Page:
As the ground shook and the trees swayed, Diane and Howie Long scooped the three boys out of their beds, grabbed armfuls of blankets and pillows, and made their way to the front door. The boys knew the drill by heart. Every day Howie would park his Chevy Suburban in the same spot in the driveway, just beyond the reach of the tallest trees. If an earthquake rattled Los Angeles, it meant they were all spending the night in the Suburban—two adults, three kids and two dogs. "You had to think about aftershocks," Howie said.
The Longs lived in Los Angeles for 12 years, while Howie starred at defensive end for the Raiders and Diane worked as a corporate lawyer. But shortly after the Northridge earthquake in January 1994—6.7 on the Richter scale—they decided they'd spent too many sleepless nights in their Suburban. So they embarked on a national search for a new home. Possible destinations included Oregon, Cape Cod and the Raleigh-Durham area of North Carolina.
They settled in Charlottesville, Va., a genteel college town of red bricks, white columns and trees that generally stay upright. For the boys—Chris, Kyle and Howie Jr.—Charlottesville was a haven and a playground. They went fishing in Sugar Hollow and inner-tubing in the James River. They attended school four miles from home, at St. Anne's-Belfield. And when it came time for the oldest, Chris, to choose a college, all he had to do was cross Ivy Road from St. Anne's-Belfield to reach the University of Virginia.
It all looked so easy. He had the Hall of Fame father, the big house, the summers in Montana, the weekends in L.A. with Terry Bradshaw and Jimmy Johnson at the Fox Sports studio. But when Chris accepted a football scholarship to Virginia and emailed another recruit, linebacker Clint Sintim, to introduce himself, Sintim did not respond. "I didn't really care for him," said Sintim, who had yet to meet Long. "I thought he was just a rich kid with a famous dad."
Then Sintim got to Virginia and saw how Long approached game days. Chris had eye black smeared across his cheeks and D-Block blasting out of his headphones. He stalked around the locker room, screaming at himself and his teammates, explaining in vivid detail how he was going to annihilate the man in front of him and how his teammates would annihilate the men in front of them. "Who's going to ride with me?" he hollered. "Who's going to ride with me?" This did not sound like some spoiled rich kid. It sounded like Ray Lewis.
Football players, especially pass rushers, are often fueled by hardships they faced early in their lives. This is true for Lewis, for Shawne Merriman and for Howie Long. Chris is the opposite. He is fueled by the lack of hardships he faced, by the perception that his advantages somehow made him soft. The fuel is different, but potent nonetheless. After four years spent pile-driving quarterbacks as a defensive end at Virginia, Chris is projected as the possible No. 1 pick in the NFL draft on April 26. And Sintim, of all people, is one of his roommates and closest friends. The Longs refer to him as their fourth son.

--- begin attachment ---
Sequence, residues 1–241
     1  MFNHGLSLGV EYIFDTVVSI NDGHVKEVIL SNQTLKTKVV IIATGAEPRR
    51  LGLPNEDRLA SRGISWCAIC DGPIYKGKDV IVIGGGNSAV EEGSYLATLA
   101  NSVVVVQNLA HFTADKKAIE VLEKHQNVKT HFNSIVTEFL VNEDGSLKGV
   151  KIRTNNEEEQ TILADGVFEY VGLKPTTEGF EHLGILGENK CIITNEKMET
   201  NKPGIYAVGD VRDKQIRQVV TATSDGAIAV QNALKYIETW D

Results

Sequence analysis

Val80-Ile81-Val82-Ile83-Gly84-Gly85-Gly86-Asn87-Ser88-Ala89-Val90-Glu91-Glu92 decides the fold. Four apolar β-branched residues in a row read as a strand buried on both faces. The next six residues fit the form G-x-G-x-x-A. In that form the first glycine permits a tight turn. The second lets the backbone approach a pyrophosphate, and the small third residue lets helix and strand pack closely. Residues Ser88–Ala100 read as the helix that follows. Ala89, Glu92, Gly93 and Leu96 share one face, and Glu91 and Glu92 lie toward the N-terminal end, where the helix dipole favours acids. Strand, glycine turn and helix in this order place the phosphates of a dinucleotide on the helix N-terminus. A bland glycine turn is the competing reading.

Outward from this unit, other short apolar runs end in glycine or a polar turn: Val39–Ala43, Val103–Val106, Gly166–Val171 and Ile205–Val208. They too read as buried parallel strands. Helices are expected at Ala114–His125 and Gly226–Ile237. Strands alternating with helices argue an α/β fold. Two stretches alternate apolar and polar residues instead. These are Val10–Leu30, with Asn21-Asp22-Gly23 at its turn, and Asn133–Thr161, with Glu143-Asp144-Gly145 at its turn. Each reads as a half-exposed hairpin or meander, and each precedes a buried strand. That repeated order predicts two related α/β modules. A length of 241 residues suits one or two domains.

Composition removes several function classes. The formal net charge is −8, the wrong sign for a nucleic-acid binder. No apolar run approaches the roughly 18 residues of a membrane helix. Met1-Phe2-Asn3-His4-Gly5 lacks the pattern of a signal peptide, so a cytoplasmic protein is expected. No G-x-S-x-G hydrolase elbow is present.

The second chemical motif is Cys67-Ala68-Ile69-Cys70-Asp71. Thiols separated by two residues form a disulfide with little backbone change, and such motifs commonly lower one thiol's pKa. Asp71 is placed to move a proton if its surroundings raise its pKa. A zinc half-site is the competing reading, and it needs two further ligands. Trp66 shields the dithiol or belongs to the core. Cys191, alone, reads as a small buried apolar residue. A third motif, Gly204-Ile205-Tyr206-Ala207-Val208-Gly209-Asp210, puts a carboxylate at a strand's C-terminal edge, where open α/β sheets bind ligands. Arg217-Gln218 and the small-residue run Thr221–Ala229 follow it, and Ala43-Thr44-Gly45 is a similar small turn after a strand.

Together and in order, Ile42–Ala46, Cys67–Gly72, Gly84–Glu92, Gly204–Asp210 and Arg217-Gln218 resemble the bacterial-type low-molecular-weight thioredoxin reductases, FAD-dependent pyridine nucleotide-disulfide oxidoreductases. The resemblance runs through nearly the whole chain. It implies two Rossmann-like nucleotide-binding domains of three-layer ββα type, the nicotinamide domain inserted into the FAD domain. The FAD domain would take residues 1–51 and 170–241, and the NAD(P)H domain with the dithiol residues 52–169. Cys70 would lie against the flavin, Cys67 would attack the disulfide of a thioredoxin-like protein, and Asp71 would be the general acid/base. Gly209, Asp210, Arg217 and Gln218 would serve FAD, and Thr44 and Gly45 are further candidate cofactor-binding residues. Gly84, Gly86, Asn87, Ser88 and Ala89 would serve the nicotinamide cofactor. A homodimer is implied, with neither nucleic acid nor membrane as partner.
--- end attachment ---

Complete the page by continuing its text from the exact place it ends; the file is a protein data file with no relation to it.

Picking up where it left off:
"I was obviously wrong about Chris," said Sintim, who'll be senior in 2008. (He redshirted as a freshman.) "He is not soft or spoiled at all."
EVER SINCE Chris arrived in Charlottesville, at age nine, he has been trying to make that point. In Los Angeles he did not play football, did not watch football and picked daisies in the outfield during his Little League games. He spent his free time writing science-fiction and adventure stories. His parents thought maybe he'd become an architect. After the family moved, Chris asked to try out for a youth football team called the Eagles, mainly because he liked their green uniforms. Howie told Diane the boy would get hurt in the first practice and give up. Even after Chris survived that first day, Howie told the coach, Mark Sanford, "I'm not sure he'll stick with this game."
As a ninth-grader Chris went out for the football team at St. Anne's--Belfield, a private K-to-12 school with an enrollment of about 840. But when he tried to run at his first practice, he looked as though he might trip over his size-13 cleats. Coach John Blake told him to get on the defensive line and drop into a stance. Chris bent down—back perfectly straight, butt high in the air, free hand tucked behind his leg. Chris's eyes even bugged out. "Oh, my God," Blake said. "That's Howie Long." It was the first of a thousand comparisons.
Chris befriended a school custodian, McKinley Breckenridge, who let him into the weight room when he wanted to lift after 10 p.m. His devotion to football grew at the same rate as his body. Before every game Blake would gather the team in the locker room and read his favorite poem, The Man in the Glass. Chris knew it so well that he'd recite it aloud, right along with Blake.